In this blog article, Beth Abbott from our Conveyancing team demystifies the term ‘Caveat Emptor’, the principles of which are key when buying or selling a new home. What does Caveat Emptor mean? Put simply, Caveat Emptor is a Latin term...
Adjudicator Erred in Considering Two Disputes at the Same Time
Multiple disputes can sometimes arise out of a single contract and, in a guideline decision, the High Court has ruled that an adjudicator erred in purporting to consider two such matters at the same time without the specific consent of the parties.
Company A, the main contractor in a hotel refurbishment project, had engaged company B to supply and install joinery items. A number of disagreements arose and three of them were put before the same adjudicator. The first adjudication resulted in an award of almost £73,000 to company B which had been duly paid.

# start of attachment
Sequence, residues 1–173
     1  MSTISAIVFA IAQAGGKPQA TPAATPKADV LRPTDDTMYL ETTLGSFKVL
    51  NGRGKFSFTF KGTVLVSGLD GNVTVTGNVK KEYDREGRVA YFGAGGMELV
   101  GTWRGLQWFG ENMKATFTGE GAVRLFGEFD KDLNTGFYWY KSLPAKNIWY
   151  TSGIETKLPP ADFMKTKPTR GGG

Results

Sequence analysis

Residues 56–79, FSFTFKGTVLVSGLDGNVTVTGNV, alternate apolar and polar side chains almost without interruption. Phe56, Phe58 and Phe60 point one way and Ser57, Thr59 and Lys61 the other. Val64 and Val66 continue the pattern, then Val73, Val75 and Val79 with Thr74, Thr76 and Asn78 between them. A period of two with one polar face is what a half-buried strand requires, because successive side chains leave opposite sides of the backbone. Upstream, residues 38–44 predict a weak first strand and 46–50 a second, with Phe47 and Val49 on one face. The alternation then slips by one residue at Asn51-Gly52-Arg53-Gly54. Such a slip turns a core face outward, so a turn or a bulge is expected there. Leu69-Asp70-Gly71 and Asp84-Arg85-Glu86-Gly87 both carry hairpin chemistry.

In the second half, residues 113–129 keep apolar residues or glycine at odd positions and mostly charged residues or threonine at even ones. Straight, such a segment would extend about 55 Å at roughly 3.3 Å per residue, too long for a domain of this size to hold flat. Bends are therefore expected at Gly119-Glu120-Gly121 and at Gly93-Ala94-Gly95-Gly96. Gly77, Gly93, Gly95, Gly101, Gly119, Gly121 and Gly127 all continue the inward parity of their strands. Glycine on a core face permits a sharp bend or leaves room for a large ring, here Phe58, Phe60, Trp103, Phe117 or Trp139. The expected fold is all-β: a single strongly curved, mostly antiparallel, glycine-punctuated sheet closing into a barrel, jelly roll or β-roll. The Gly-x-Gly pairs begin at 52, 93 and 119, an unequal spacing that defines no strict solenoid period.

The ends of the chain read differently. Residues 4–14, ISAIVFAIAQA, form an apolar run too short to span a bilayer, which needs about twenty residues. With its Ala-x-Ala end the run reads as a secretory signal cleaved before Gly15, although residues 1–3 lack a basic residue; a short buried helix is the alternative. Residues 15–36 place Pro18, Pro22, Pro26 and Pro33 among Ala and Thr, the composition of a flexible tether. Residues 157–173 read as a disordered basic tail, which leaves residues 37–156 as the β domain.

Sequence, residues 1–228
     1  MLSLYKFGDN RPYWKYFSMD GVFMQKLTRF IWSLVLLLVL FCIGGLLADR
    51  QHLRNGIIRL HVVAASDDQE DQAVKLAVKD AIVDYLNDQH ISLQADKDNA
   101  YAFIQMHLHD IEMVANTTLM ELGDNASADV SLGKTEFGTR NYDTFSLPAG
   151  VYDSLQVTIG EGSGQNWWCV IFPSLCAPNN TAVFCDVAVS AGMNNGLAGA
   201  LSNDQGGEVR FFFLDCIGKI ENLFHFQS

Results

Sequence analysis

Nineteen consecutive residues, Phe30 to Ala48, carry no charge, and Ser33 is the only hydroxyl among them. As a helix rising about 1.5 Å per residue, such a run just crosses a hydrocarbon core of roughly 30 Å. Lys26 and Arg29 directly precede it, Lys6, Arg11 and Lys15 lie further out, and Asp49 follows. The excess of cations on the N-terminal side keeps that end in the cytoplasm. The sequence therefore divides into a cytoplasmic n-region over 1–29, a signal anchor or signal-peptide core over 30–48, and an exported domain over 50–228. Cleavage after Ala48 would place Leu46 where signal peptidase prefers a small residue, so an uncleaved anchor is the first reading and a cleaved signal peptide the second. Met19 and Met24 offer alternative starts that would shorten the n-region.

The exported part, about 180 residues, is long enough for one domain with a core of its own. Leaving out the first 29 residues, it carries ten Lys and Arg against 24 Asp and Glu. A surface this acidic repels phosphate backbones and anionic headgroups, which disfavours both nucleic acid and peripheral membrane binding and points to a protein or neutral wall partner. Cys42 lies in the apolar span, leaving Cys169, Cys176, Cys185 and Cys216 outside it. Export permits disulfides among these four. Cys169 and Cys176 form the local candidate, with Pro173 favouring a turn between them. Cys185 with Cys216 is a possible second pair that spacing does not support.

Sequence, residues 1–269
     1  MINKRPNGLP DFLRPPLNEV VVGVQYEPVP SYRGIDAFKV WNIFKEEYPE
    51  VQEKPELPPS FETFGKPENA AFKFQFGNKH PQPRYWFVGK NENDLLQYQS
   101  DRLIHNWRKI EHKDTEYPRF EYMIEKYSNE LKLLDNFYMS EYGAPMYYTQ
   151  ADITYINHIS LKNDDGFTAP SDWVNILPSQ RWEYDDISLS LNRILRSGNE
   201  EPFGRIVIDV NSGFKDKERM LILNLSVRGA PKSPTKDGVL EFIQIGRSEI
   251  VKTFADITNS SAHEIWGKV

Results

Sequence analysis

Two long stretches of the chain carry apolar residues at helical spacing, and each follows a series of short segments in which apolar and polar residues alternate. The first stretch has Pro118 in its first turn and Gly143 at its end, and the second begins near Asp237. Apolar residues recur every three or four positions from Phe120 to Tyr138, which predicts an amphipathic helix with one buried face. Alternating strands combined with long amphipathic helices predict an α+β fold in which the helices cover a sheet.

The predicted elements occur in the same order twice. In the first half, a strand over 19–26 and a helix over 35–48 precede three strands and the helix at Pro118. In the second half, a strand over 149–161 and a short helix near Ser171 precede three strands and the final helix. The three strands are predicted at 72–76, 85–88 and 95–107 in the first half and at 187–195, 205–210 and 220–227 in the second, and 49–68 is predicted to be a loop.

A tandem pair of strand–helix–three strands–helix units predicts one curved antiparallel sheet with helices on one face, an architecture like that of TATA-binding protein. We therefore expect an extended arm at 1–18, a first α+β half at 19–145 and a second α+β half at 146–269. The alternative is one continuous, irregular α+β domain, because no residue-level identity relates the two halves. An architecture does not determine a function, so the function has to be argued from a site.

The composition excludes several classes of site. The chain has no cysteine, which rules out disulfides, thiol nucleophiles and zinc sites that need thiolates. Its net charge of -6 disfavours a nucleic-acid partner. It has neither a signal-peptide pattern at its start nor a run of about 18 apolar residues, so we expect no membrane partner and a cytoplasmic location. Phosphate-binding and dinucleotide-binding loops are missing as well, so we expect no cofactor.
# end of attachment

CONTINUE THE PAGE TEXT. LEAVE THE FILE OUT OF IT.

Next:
The remaining two matters were dealt with by the adjudicator at the same time. He ruled in company B’s favour on both matters and awarded, respectively, £120,559 and £38,491. Company B launched proceedings to enforce those awards but that was resisted by company A.
The Court rejected company A’s arguments that aspects of the procedure followed by the adjudicator were unfair and breached the rules of natural justice. However, it ruled that the adjudicator had had no jurisdiction, without the consent of the parties, to adjudicate at the same time on more than one dispute. The award of £38,491 was therefore unenforceable.